Whale Fossil Damaged: An Update

In reading the coverage given to the recent damage done to the whale fossil in Wadi Hitan several things stand out. First, coverage in the mainstream media was negligible to non existent. Second, even in coverage outside the US nobody seemed much interested in asking members of the paleontological community for comments.


One of the reasons for the importance of Wadi Hitan is that it provides the fossil record for an interesting part of whale evolution the change from land going to sea going. According to the UNEP:

They are not the oldest whale fossils but cover a vital evolutionary period of some 4 million years when these mammals evolved from land to sea-going animals. The fossils which range from young to old individuals in a great concentration of specimens, are so well preserved that even some stomach contents are intact.

One of the people most involved in bringing the evidence of this transition to light is Phillip Gingerich (also known for his work on early primates – among other things). It occurred to me that Dr. Gingerich, being so involved with Wadi Hitan, would have an interesting perspective on the damage to the fossil. So I emailed him and he has been gracious enough to allow me to use his response for this post. So, without further ado, here is Dr. Gingerich on the damage to the whale fossil at Wadi Hitan:

I have been kept informed about the damage to the whale fossil in Wadi Hitan, and don’t think there is any question that the ‘diplomats’ involved were driving where they shouldn’t have been. The core World Heritage area is now well marked, and cars are excluded. The rangers on-site in Wadi Hitan are excellent, and I know that they were very upset by what transpired.
I don’t know that the damage to the whale involved was in the million-dollar range, but people, particularly expatriates living in Egypt, have to learn to respect a site like Wadi Hitan, and to respect the people who manage it. The site itself is easily worth millions in terms of national and world heritage, and driving over fossils will destroy the site’s value.
Four-wheel-drive cars are a big threat to any fossil site. I have seen first-hand that some expatriates living in Egypt, including staff of some embassies, are much too arrogant– and seem to think that because they have a big car they can drive anywhere they want. Wadi Hitan cannot survive cars driving everywhere, the rangers at the site know this, and they are doing everything in their power to keep cars out.

I have heard similar remarks to the ones in the last paragraph from a number of people who have worked overseas, so I think this is an accurate characterization. This underscores how hard it is for countries to protect their important fossils – Lucy being shipped to Houston is another good example – even when they are trying to do the right thing. This brings us back to the question of opening archaeological sites, or in this case paleontological sites, to the public. I’m not saying we should close these sites to the public but I do think we should have a better sense of the risk involved. So I wonder if there have been any studies comparing vandalism and/or damage at sites open to the public vs closed to the public or evaluating different prevention techniques?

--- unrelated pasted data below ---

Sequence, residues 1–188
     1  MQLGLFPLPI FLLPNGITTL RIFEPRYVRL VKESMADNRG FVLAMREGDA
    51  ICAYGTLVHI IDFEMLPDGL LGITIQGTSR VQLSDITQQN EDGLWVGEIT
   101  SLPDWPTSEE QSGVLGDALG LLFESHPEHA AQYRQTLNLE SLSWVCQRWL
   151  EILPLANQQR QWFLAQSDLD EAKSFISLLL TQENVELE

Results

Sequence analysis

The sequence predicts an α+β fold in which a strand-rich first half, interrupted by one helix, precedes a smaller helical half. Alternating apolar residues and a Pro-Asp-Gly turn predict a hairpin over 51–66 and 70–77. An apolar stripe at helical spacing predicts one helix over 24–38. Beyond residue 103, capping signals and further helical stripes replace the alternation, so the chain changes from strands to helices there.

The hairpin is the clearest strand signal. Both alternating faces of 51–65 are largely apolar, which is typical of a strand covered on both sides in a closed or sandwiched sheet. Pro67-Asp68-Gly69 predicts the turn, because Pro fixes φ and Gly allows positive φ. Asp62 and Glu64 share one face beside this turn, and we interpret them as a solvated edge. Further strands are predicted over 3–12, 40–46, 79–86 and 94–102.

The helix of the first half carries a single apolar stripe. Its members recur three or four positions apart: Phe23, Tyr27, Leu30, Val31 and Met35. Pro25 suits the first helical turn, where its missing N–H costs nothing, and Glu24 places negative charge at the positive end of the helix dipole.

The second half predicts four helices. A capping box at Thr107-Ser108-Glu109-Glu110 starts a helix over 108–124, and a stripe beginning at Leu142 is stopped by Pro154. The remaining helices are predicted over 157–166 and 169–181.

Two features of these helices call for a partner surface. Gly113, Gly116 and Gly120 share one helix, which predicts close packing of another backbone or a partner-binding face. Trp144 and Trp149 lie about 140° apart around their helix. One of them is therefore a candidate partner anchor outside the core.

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3 Responses

  1. What galls me is that the perps are diplomats. Even if they owned up/bragged about it, nothing will come of it. They have immunity from prosecution. Very wrong: at the least they should be tried in their own country and do serious time for this. My choice of course would be to let them do time in an Eygyptian jail, that may knock some of the arrogance out of the diplomatic corps.

  2. The Belgians have, of course, denied damaging anything. There needs to be an investigation with pictorial evidence – i.e. tracks in the desert leading thru a whale fossil. Perhaps those will emerge.

  3. Thank you for covering this. I had meant to after reading your initial posts, but it had slipped my mind. I hope this gets resolved and the diplomats held responsible for the damage done.
    As for the public and fossil sites, I can be a difficult thing. Even though it might be tough on serious and reputable amateur collectors to have little to no access to fossil sites, I think the State Museum here in NJ has struck a balance. They have a deal with the Inversand Marl Co. and in order to dig in the pit you need to have someone from the museum present, but they open up the visits to anyone who wants to sign up. Some of the other pits that were once active (like those that mined “chocolate marl”) have been abandoned and would probably be open, but they’re so overgrown that anyone who wanted to look would have to do a fair bit of weeding before they got anywhere.

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